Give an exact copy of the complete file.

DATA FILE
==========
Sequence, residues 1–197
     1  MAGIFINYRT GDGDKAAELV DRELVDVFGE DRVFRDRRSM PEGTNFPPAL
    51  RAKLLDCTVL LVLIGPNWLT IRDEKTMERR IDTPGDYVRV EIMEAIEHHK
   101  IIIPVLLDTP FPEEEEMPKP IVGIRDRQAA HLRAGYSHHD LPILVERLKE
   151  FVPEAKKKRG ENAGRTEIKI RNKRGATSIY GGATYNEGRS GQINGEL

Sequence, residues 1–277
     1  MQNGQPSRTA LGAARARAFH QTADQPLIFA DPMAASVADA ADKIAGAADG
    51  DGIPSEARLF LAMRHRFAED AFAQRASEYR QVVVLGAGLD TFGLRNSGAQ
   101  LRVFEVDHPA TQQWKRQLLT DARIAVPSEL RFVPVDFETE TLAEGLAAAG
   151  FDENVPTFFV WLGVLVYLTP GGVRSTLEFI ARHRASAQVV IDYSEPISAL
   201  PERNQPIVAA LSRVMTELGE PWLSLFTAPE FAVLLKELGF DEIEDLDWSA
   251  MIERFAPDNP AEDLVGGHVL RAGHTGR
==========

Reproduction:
Sequence, residues 1–197
     1  MAGIFINYRT GDGDKAAELV DRELVDVFGE DRVFRDRRSM PEGTNFPPAL
    51  RAKLLDCTVL LVLIGPNWLT IRDEKTMERR IDTPGDYVRV EIMEAIEHHK
   101  IIIPVLLDTP FPEEEEMPKP IVGIRDRQAA HLRAGYSHHD LPILVERLKE
   151  FVPEAKKKRG ENAGRTEIKI RNKRGATSIY GGATYNEGRS GQINGEL

Sequence, residues 1–277
     1  MQNGQPSRTA LGAARARAFH QTADQPLIFA DPMAASVADA ADKIAGAADG
    51  DGIPSEARLF LAMRHRFAED AFAQRASEYR QVVVLGAGLD TFGLRNSGAQ
   101  LRVFEVDHPA TQQWKRQLLT DARIAVPSEL RFVPVDFETE TLAEGLAAAG
   151  FDENVPTFFV WLGVLVYLTP GGVRSTLEFI ARHRASAQVV IDYSEPISAL
   201  PERNQPIVAA LSRVMTELGE PWLSLFTAPE FAVLLKELGF DEIEDLDWSA
   251  MIERFAPDNP AEDLVGGHVL RAGHTGR